User experience or usability of medical devices is a concept that is developing rapidly, and has been codified in relevant guidelines or standards only recently. But its importance is rising with most device manufacturers. When considering the global aspects of medical devices, these are some of the general recommendations:
•Guidelines encourage usability evaluation and testing to occur early on in a typical device development process. This is a chance to include users and testers from respective target markets to validate in-market device usability early on. They should be included ideally in the formative testing phase, but at a minimum in the summative.
•Usability testing works with a set of specific personas; descriptions of a few typical intended users of the device based on empirical evidence. Some aspects of these personas are country-specific, reflecting the roles and responsibilities of medical staff in individual healthcare systems, as well as specific demographic aspects of nonprofessional users, such as patients. These personas need to be taken into account.
•A fair amount of usability insight comes from researching existing sources, such as incident reports, academic literature or databases. It’s useful to research such sources internationally. This may reveal different use patterns and reported incidents that, while specific to one or more countries or locales, should be incorporated into the device. In this sense, post-market surveillance plays a big role in getting feedback from actual device use and reported adverse events, which should inform necessary design and UI changes.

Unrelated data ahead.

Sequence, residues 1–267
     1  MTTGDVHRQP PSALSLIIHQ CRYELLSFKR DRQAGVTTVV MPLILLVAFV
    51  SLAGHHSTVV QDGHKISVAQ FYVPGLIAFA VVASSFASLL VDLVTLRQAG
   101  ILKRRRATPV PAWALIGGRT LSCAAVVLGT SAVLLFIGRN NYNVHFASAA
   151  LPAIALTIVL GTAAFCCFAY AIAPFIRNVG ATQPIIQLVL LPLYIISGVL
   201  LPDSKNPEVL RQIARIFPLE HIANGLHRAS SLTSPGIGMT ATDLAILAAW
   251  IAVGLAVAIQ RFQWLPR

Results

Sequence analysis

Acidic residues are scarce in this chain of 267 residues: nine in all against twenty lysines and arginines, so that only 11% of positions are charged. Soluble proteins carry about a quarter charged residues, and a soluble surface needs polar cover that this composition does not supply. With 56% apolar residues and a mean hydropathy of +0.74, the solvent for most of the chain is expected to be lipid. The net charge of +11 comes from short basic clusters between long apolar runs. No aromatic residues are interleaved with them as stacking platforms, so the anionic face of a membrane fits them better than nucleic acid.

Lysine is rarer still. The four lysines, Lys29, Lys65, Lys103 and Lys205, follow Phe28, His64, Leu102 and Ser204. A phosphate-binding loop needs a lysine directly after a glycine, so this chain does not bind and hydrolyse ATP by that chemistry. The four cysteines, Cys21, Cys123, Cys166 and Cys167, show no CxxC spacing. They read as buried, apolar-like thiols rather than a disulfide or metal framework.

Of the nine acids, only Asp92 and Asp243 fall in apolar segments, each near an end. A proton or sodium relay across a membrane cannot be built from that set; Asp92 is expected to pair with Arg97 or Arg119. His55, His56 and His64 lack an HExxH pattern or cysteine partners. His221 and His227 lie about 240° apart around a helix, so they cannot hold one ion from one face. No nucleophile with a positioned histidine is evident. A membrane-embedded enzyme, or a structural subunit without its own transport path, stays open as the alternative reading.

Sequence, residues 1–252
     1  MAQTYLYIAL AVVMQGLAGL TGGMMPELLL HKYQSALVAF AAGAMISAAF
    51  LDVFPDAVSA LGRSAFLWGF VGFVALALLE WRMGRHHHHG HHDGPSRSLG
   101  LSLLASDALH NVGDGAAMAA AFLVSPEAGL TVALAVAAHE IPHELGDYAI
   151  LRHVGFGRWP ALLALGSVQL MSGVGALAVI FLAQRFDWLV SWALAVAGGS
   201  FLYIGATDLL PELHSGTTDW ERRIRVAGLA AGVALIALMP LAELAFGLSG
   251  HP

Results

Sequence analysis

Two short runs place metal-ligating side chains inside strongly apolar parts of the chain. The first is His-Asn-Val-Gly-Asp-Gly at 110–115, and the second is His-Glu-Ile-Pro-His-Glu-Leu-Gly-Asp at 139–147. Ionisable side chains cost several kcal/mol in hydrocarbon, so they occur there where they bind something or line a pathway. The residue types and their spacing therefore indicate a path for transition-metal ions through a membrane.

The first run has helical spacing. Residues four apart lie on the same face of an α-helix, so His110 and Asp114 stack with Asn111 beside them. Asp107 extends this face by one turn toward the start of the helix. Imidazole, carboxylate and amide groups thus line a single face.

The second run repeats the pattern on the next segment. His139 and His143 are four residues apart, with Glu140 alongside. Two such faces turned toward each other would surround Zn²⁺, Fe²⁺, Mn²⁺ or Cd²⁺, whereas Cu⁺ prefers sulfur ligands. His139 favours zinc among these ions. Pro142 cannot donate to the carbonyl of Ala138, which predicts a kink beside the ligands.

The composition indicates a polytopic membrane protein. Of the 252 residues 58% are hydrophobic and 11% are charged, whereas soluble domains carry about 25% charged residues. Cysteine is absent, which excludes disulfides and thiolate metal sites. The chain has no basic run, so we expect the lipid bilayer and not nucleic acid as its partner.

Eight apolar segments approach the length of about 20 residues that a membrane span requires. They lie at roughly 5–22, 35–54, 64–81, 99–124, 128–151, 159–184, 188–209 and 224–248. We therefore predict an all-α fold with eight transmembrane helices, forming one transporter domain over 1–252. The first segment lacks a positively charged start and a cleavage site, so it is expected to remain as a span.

•Labeling, instructions for use and other product information should be included in the usability testing process. This testing is normally conducted well before the given product and its accompanying information are final, using a working draft of the labeling, for example. Only the subsequent summative testing is typically done with a final mock-up as users will see it.
However, since usability testing of medical devices is seen and conducted as an iterative process, it makes sense to involve local users of localized devices to get an international perspective of the product information early on.
In practice, this step is an ideal complement to any readability testing of IFUs that is typically conducted later. This testing is designed to assess how easy it is to read and understand the material. As in usability testing, readability of medical device labeling needs to be tested with a sample of likely, representative users of the device. In the US, the FDA suggests that the reading level of IFUs should be no higher than the eighth-grade level, the average reading level of adults.
In this sense, formative testing of the IFUs for a device can reveal areas of improvement even if the overall readability is as required. It may show, for instance, that changes need to be made to improve images or layout, or to add new instructions that clarify some procedures.
Usability testing is one area where medical device manufacturers spend increasing amounts of time and effort to not only meet regulatory requirements, but also to improve the overall design and UI of devices for easier — and safe — use. Incorporating global UX considerations early on is thus emerging as the next big idea that will ensure devices are truly usable across markets, locales and languages.